The Collegian
Thursday, June 13, 2024

Film Fridays: The return of the summer blockbuster

<p>Graphic by Annie Scalet/The Collegian</p>

Graphic by Annie Scalet/The Collegian

Once the COVID-19 pandemic hit in 2020, people turned from movie theaters to streaming services. 

Going to the movies with friends, purchasing a buttery bag of popcorn and excitedly anticipating the newest coming attractions turned into nights dedicated to Netflix, Hulu and catching up on all the old Pixar films we used to watch as kids on Disney Plus — I certainly indulged in all three.

Until this summer. 2023. The year summer blockbusters returned. 

Yes, theaters screened movies before this summer and I had seen “Spider-Man: No Way Home” in December of 2021. But this summer was different. 

There was Pixar’s newest hit, “Elemental,” which beyond its wholesome Disney lore dug deeper into themes of family tradition, immigration and interracial marriage. 

Jennifer Lawrence had a new comedy, “No Hard Feelings,” which saw her character attempt to receive financial support for getting a college-bound young man out of his shell. 

The seventh movie of the Mission: Impossible franchise, “Mission: Impossible — Dead Reckoning Part One,” had all the action and Tom Cruise one could hope for. 

And even an 80 year-old Harrison Ford pulled out the whip for one last ride in the fifth and final Indiana Jones movie, “Indiana Jones and the Dial of Destiny. 

And then there was Barbenheimer — “Barbie” and “Oppenheimer,” two movies that revamped cinema and the idea of the movie theater in this decade as we know it.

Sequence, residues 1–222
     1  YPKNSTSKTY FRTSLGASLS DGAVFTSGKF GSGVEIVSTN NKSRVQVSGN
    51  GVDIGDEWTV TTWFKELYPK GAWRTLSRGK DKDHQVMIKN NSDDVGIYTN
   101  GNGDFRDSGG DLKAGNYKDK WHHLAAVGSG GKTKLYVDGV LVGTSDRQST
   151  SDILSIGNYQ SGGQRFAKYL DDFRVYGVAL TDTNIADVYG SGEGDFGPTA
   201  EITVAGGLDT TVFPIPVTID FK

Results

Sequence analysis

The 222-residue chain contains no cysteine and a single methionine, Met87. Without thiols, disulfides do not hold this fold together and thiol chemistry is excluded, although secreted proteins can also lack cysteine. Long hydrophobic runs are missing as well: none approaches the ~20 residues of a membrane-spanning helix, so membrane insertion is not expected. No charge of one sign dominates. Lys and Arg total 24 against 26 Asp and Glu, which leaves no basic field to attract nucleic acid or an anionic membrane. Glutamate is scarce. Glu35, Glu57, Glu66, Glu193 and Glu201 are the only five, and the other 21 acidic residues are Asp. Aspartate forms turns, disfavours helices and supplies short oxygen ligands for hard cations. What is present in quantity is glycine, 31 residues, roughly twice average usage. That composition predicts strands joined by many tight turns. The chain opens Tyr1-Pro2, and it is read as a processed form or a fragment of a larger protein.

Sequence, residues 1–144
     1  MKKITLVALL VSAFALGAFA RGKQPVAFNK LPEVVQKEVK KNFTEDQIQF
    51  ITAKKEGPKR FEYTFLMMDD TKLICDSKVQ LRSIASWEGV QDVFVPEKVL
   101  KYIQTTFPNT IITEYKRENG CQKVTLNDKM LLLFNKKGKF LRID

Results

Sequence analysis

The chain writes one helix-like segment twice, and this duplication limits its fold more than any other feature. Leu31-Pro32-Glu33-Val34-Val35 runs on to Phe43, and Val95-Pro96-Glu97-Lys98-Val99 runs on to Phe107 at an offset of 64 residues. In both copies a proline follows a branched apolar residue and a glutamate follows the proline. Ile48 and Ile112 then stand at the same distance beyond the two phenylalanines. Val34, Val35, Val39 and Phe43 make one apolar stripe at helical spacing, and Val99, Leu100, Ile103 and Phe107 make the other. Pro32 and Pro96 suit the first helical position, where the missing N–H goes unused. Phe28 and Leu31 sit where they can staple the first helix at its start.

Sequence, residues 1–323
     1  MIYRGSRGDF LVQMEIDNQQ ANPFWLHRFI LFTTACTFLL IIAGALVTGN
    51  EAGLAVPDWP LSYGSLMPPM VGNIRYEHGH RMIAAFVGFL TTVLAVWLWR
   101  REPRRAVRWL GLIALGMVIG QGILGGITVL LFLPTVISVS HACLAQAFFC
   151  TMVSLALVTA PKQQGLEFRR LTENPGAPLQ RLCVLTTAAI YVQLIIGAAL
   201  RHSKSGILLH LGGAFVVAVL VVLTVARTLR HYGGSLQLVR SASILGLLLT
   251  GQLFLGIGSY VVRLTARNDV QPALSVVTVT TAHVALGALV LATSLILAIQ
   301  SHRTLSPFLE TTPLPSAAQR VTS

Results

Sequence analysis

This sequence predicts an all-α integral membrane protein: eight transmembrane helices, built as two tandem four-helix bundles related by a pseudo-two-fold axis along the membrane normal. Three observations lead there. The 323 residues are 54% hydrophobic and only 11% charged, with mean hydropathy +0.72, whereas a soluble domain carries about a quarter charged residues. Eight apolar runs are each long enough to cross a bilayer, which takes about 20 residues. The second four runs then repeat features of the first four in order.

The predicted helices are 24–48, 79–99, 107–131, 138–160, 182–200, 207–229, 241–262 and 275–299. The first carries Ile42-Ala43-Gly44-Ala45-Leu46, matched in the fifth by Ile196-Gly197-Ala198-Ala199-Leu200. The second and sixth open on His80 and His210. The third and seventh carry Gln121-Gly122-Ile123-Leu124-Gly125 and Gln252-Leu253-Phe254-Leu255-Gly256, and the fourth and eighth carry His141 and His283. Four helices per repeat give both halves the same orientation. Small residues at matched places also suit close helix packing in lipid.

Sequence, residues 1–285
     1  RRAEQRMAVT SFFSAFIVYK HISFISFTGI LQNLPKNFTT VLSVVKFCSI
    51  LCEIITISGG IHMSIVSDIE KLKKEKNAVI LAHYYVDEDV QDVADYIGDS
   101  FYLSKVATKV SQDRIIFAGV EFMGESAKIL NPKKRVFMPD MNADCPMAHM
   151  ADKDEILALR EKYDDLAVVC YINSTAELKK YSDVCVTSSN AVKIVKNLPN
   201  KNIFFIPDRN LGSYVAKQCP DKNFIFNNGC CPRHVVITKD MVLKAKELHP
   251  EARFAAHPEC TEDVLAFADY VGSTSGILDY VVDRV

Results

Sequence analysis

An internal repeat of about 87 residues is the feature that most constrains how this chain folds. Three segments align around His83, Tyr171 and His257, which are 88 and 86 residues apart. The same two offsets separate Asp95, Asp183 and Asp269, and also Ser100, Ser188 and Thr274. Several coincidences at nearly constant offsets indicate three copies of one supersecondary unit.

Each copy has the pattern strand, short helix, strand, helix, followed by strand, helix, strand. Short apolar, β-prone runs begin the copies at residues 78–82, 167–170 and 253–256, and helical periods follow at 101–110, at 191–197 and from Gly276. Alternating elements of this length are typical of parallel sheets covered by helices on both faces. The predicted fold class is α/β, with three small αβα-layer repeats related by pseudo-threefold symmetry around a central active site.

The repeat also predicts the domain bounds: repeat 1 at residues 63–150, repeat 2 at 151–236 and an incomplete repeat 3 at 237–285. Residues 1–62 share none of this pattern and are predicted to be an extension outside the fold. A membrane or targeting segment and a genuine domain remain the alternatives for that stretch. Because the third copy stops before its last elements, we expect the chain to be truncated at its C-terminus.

I have a theory that these two summer blockbusters, which were both released July 21, single-handedly saved movie theaters. I think they wanted to get people to visit the theater again in a post-COVID world, so they hyped up these two films in a way that had not been done since 2008 when “Mamma Mia” and “The Dark Knight” were released on the same day 15 years ago

For starters, “Barbie” was special — not only because of its powerhouse cast headlined by Margot Robbie, Ryan Gosling, Will Ferrell, America Ferrera and Kate McKinnon, but because it was, as the trailer put it, for those who love Barbie and for those who hate Barbie. In many ways, the movie mocked what Barbie has stood for in the past and uplifted what Barbie now stands for in the 21st century. 

However, when pictures of Gosling and Robbie skating as Ken and Barbie surfaced for the first time many months ago, I was skeptical. At that time, I thought the movie looked stupid and I thought to myself, ‘why would they make a movie with these fake characters?’ Of course, at that time, I was not aware of the movie’s premise. 

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But as the movie got closer and closer to its release, I couldn’t help but engage in some of the excitement for what was to come July 21. Social media account after social media account fawned over what was made out to be one of the most important films of this generation.